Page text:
Glennons general conclusion was that valDennis Glennon, of the Office of the idation methodologies should be closely associated Comptroller of the Currency, provided a helpful with how the model is used. For example, in cases description of the relationships between the funwhere a bank has a business need to use the estidamental uses of credit scoring and loss forecastmated probability of default produced by a scoring ing models and the tools used to evaluate their model, validation criteria should include evaluaperformance. tions of the models goodness-of-fit and accuracy. However, if a bank only usIn defining credit es the rank-ordering propInstability in ordering scoring models as essentialerties of the score, validaly a classification tool, he artion should concentrate on would suggest that the gued that they be evaluatthe models ability to sepamodel is not capturing ed simply based on how well rate risk over time. they separate good and the underlying and bad credits over time. One Although particirelatively constant common approach is to conpants agreed that models sider some measure of diverinformation about how should be evaluated based gence between goods and on purpose and defined by risky different credits are. expectations, there was less bads. An effective classification tool should result agreement about whethin accepting a high proportion of goods consiser commonly used statistical tests are appropritent with expectations. The K-S statistic and the ate to the needs of model-based consumer lendGini coefficient are common measures of a moders, such as credit card companies. Professor David els ability to separate risk. A second, related conHand, of Londons Imperial College, argued that sideration is to evaluate whether the scoring modthe standard metrics for validating credit scoring el rank orders well over time. Instability in ordermodels are, indeed, inadequate and potentially ing would suggest that the model is not capturing misleading. the underlying and relatively constant information about how risky different credits are. Hand started with the observation that credit scoring models are used to assign applicants Glennon noted that, by contrast, loss foreto one of a discrete number of possible actions by casting models are essentially predictive tools that the bank. For example, in deciding whether to acrequire metrics that evaluate goodness-of-fit and cept an applicant for a credit card, a bank accepts accuracy. Goodness-of-fit, he explained, meaapplicants above a certain score and rejects those sures how much of the variation in losses can be below it. When the bank makes the accept/reject explained by changes in the independent varidecision, it doesnt matter how much the person is ables. In regression analysis, this is most commonabove or below the cutoff. Therefore, the distribuly measured as the R-squared of the regression. By tion of applicants scores is irrelevant to the modcontrast, a loss forecasting models accuracy is els performance at assigning applicants to actions. best determined by how close predictions of lossHand pointed out that the models only observable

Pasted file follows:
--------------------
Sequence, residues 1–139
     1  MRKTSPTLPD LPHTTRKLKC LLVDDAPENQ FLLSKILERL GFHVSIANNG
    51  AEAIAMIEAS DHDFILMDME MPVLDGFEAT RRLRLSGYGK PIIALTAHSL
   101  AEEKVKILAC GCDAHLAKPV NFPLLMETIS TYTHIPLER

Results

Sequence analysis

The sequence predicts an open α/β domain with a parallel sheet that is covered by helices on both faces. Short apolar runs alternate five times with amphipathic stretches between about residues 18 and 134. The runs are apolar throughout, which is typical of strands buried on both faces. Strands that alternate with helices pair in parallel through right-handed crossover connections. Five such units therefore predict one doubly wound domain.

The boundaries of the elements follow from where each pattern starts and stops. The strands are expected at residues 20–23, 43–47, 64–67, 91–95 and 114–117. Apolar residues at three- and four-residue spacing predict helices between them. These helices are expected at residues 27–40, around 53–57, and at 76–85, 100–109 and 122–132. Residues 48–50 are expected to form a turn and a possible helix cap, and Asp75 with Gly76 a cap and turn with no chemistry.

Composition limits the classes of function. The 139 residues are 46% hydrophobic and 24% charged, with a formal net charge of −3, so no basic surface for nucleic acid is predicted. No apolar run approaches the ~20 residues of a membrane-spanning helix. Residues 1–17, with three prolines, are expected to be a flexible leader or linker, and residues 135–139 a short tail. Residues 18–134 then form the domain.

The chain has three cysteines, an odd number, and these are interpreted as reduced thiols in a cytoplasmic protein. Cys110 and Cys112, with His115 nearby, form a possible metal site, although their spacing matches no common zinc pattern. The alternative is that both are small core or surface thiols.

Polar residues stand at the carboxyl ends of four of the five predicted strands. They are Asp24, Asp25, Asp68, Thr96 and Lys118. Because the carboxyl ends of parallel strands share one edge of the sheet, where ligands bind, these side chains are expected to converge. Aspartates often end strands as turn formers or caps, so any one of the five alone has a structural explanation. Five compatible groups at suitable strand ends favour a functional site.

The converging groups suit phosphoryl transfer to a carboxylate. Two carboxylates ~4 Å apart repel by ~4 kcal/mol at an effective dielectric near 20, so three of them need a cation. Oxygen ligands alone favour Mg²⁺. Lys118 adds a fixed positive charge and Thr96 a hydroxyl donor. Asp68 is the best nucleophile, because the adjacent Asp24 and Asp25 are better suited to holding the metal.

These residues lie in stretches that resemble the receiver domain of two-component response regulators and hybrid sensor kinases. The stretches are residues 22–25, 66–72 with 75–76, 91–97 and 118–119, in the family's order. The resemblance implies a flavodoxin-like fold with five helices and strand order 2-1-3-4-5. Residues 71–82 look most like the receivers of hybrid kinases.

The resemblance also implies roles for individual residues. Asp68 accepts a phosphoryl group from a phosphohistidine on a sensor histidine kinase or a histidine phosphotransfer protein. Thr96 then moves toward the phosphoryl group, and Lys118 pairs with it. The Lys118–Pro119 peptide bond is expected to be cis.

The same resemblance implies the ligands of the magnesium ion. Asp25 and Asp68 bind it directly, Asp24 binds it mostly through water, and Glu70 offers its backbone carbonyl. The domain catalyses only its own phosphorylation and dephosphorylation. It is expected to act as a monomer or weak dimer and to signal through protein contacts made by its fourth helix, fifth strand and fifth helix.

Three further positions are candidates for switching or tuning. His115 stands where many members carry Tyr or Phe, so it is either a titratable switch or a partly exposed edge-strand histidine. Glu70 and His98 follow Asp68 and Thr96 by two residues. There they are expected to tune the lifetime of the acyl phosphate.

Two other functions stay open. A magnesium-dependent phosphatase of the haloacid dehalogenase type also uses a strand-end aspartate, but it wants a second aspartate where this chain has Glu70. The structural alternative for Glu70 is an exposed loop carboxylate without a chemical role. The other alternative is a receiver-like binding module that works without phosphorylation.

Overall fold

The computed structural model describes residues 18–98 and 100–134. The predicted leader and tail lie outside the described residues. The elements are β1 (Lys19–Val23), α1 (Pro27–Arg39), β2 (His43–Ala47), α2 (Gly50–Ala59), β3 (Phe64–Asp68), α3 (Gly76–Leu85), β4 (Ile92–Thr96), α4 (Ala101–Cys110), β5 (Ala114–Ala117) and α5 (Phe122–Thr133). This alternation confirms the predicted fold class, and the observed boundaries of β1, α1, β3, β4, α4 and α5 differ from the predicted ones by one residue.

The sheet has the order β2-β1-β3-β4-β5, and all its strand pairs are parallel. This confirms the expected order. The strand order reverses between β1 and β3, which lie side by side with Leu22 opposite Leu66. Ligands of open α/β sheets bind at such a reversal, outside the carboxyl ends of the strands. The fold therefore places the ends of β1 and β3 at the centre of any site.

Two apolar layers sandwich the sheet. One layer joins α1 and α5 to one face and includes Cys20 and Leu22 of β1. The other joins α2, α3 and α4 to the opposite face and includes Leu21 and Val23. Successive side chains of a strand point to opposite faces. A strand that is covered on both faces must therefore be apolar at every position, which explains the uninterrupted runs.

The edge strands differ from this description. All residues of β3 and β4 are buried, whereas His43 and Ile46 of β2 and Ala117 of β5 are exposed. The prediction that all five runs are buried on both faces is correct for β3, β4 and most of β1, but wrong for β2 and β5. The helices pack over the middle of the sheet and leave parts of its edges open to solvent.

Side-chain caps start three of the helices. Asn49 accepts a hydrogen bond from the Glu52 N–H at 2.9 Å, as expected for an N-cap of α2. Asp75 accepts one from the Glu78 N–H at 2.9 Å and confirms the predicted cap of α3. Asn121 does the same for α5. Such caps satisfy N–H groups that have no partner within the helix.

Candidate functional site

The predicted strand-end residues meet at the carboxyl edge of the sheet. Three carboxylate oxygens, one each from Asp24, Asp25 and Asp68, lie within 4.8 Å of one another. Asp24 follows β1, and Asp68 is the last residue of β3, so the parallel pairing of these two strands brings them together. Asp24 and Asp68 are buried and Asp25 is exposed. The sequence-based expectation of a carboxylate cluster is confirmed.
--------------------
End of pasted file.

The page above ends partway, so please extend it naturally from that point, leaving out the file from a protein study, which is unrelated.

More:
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measure of performance is the number of bad applicants accepted. Nevertheless, the commonly used statistical tests of a models performance, such as the K-S statistic or Gini coefficient, measure the models ability to rank risk throughout the entire sample without giving any special weight to performance near the accept/reject region. More generally, Hand argued that banks should not use metrics that rely on continuous distributions to evaluate models used for assigning applicants to discrete actions.